There are many joys to having a new baby: the smell of their little head; their adorable tiny body; their sweet little baby snuggles. I’m willing to bet that the sheer volume of dirty diapers your tiny newborn produces is probably not a source of that baby bliss! Fortunately for us parents, there are many diaper options to contain the mess, including cloth, eco-friendly disposables, conventional disposables and even hybrid options. Our first child was cloth diapered for almost three years (yes, he was a late potty trainer!), and now with our second we’ve chosen to use primarily earth-friendly disposables. But how do you choose which kind of diaper is right for you? We break down the pros and cons for each option below.
There are two major kinds of disposables: earth-friendly and conventional. Conventional disposable diapers are made from plastics and petro-chemical-based absorbing agents, and are bleached white with chlorine. Byproducts of this bleaching process include dioxins, which the Environmental Protection Agency list as cancer-causing toxic chemicals. Conventional diapers also include innocuous sounding “fragrances,” which are unfortunately anything but. Perfumes added to conventional disposable diapers may include phthalates, a chemical that the Environmental Working Group notes is an endocrine disruptor, linked to reproductive problems (especially in boys and men) and more recently to asthma. In addition, some parents find that the chemicals used in conventional disposables just aren’t very nice on baby’s sensitive skin. One of the biggest plusses of disposables is their convenience, but their throwaway nature means that they do end up in the landfill.
Newer to the market are earth-friendly disposable diapers. These diapers, like Earth’s Best®, use corn and wheat as absorbent material, and are not bleached by chlorine. And unlike conventional diapers, most earth-friendly disposables are latex free, dye-free and perfume-free, making them gentler on your baby’s skin and free of the toxic chemicals in conventional diapers. They’re also made with fewer petrochemicals than conventional disposables. Eco-friendly disposables are a great choice for parents who are concerned about the environment and their baby’s health but who aren’t ready to take the leap to cloth. The cons: eco-friendly diapers tend to be a bit pricier than their conventional disposable counterparts.
Cloth diapers are making a comeback in a big way. Green-minded parents choose cloth as an option to avoid adding diapers to the landfill and to protect their baby’s delicate skin from the sometimes-harsh chemicals of conventional disposable diapers. There are several cloth diaper options to choose from. Pre-folds are large squares of cloth diaper material (usually cotton) that must be folded and pinned (these days, safety pins are out, and Snappis or Boingo diaper fasteners are in). Pre-folds are typically cheaper but require a bit of a learning curve to figure out the best folds to use to keep the blowouts at bay – speaking from experience, this was especially difficult when we were sleep-addled new parents. Generally, you’ll also need a washable, waterproof diaper cover to use with pre-folds. (These are usually made from polyester or wool and come in cute patterns and colors.) All-in-one cloth diapers are a little easier to get the hang of – they are diaper-shaped and don’t require any fancy folding or a special diaper cover, but they tend to be a more expensive choice. For any cloth diaper option, you can launder your own, or you can go with one of the cloth diaper laundering and delivery services that are popping up in many areas. It’s also increasingly easier to find organic cloth diapers to cut down on the pesticides that go into growing the cotton for cotton diapers.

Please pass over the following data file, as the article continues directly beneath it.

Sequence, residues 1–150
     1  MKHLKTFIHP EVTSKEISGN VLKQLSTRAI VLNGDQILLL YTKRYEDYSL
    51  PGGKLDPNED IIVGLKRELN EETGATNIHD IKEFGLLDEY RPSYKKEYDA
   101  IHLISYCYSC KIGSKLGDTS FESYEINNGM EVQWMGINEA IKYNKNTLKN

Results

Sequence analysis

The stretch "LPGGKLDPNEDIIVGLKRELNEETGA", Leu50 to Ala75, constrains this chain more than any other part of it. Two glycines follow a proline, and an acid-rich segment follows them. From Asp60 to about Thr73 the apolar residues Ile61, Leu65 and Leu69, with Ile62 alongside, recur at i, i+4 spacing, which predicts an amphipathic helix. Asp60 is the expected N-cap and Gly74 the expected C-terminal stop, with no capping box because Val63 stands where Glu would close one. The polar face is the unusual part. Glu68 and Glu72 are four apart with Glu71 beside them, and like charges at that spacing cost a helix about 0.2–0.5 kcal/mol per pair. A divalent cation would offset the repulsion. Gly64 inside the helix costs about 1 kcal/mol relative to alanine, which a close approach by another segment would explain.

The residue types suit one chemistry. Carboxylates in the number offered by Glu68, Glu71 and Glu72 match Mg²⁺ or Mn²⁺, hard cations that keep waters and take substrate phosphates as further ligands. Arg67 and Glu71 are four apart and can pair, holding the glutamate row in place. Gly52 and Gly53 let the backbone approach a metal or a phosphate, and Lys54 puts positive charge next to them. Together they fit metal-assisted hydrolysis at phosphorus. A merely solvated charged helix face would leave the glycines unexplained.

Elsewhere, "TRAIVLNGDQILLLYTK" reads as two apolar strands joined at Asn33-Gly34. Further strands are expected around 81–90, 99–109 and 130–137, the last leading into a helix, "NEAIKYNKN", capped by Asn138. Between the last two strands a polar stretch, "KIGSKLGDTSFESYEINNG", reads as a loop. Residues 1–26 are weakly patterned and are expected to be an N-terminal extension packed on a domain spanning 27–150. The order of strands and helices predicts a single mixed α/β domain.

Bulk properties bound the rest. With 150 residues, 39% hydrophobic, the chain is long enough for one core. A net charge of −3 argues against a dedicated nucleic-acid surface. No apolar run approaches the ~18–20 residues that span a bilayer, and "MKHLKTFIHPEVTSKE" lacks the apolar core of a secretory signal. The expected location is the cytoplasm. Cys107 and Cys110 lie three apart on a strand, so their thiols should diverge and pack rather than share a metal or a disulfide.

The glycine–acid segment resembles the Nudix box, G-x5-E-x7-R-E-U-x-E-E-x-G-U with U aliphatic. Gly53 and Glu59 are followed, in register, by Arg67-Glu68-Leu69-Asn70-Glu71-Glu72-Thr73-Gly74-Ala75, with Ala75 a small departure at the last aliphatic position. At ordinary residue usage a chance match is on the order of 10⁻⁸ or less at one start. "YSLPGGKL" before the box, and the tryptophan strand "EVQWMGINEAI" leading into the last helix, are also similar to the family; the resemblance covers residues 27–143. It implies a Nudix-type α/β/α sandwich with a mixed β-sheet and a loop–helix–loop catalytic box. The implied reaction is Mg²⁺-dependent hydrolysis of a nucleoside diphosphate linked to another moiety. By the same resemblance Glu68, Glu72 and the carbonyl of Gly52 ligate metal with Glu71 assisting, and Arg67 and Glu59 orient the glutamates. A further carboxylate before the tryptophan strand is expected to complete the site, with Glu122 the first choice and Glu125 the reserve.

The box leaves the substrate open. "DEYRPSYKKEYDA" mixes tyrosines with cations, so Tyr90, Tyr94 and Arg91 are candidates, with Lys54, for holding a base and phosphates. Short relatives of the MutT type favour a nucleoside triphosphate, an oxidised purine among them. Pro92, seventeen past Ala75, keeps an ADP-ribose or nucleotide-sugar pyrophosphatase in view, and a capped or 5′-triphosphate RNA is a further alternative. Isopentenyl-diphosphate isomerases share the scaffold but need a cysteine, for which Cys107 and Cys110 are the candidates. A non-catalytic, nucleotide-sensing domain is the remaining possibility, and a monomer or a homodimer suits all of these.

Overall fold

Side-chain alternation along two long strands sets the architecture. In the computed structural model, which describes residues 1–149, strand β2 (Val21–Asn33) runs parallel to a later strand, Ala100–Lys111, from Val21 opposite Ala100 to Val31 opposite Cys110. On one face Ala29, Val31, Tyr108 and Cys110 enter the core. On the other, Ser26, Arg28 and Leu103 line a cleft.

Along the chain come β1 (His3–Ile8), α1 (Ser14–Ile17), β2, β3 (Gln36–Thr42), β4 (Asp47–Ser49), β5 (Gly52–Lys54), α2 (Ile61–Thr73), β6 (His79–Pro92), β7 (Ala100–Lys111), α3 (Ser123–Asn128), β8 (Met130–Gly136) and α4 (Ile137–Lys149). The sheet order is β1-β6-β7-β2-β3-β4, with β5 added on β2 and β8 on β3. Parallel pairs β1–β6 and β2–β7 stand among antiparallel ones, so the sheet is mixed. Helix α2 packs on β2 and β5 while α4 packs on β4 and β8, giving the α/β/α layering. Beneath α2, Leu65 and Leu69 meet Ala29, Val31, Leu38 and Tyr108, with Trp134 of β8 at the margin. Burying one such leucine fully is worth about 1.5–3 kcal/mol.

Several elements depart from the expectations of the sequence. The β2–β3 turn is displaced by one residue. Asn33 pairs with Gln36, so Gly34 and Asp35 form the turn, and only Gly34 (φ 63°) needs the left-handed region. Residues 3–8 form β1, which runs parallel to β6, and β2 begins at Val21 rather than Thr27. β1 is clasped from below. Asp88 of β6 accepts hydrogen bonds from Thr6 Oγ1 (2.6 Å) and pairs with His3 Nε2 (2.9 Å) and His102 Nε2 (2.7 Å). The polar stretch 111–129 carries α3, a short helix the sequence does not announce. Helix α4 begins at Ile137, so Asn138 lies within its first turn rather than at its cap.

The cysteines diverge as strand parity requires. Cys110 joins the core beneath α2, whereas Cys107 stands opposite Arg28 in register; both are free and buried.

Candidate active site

The cons to cloth: the water and electricity footprint required for washing the diapers is not insignificant, although this can be somewhat reduced if you are using a high-efficiency washing machine like those used by commercial diaper services. If you’re using a diaper service, the eco-footprint of the trucks or cars that deliver your weekly batch of fresh diapers should be taken into account, as well. And if you wash your own diapers, the time commitment can be considerable: trust us when we tell you that time is a valuable commodity as a new parent (as is sleep, of course). Note also that cloth diapering may not work for your nighttime diapering needs. We were not able to keep my son, a heavy wetter when he was an infant, in cloth diapers at night; it affected his sleep dramatically. A switch to nighttime disposables helped. Another con is that many daycares and pre-schools are not cloth-diapering friendly and require disposable diapers, although it may be worth it to ask your facility about changing their policies if this is important to you.
Making the Decision that is Right for You
Something to keep in mind is that your diapering decision doesn’t have to be an all-or-nothing proposition. With my first child, we cloth diapered during the day and used earth-friendly disposables at night and when we traveled. When he went to pre-school, we switched almost exclusively to earth-friendly disposables until he (finally) potty trained. With my baby daughter, we are currently using earth-friendly disposables, but we may switch to cloth diapering for daytime for a few years, until she potty trains or heads to preschool (whichever comes first). Ultimately, you’ll have to make the diaper decision that is right for your family, one that best suits your needs and your values. It’s a dirty decision, but fortunately the diaper years are short. She’ll be heading to college before you know it!